Brown-Sequard syndrome produced by cervical disc herniation: Case report and literature review

Christopher S. Rumana, David S. Baskin

Research output: Contribution to journalArticlepeer-review

26 Scopus citations


BACKGROUND: The Brown-Sequard Syndrome is most commonly described in conjunction with a traumatic injury to the spinal cord. The condition involves ipsilateral loss of motor function, proprioception, and vibratory sensation, combined with contralateral loss of pain and temperature sensation. CASE REPORT: A 56-year-old female developed left thigh discomfort and numbness. Over the next five months, this spread to involve her left leg and chest to the axilla. Physical examination revealed myelopathy. Also present were motor, proprioceptive, and vibratory deficits in the right leg. A left sensory level to T2 was present. An MRI scan showed a large right cervical herniated disc with unilateral spinal cord compression. Following anterior cervical discectomy and fusion, the patient's symptoms have steadily improved. CONCLUSIONS: The Brown-Sequard Syndrome can be caused by a herniated cervical disc. MRI scans should be employed early in the diagnostic evaluation of such patients, particularly in the absence of penetrating trauma or other obvious causes of the syndrome.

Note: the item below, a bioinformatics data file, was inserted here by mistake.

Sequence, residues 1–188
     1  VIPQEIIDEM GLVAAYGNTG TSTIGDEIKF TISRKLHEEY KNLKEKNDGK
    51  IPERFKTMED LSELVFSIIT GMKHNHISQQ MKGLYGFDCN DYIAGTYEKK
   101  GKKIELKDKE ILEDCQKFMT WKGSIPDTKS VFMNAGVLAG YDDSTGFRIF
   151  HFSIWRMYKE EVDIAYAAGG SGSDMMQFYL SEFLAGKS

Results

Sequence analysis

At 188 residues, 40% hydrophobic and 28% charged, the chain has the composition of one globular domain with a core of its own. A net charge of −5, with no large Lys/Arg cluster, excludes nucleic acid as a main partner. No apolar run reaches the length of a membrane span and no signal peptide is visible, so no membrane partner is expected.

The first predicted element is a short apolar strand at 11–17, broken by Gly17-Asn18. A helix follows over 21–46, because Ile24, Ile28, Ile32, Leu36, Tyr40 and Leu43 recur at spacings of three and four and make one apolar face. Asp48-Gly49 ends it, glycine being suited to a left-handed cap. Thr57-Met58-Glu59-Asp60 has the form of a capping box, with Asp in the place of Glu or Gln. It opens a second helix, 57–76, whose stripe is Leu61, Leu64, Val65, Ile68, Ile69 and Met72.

Original languageEnglish (US)
Pages (from-to)359-361
Number of pages3
JournalSurgical Neurology
Issue number4
StatePublished - Jan 1 1996


  • Brown-Sequard Syndrome
  • herniated disc
  • myelopathy

ASJC Scopus subject areas

  • Clinical Neurology
  • Surgery


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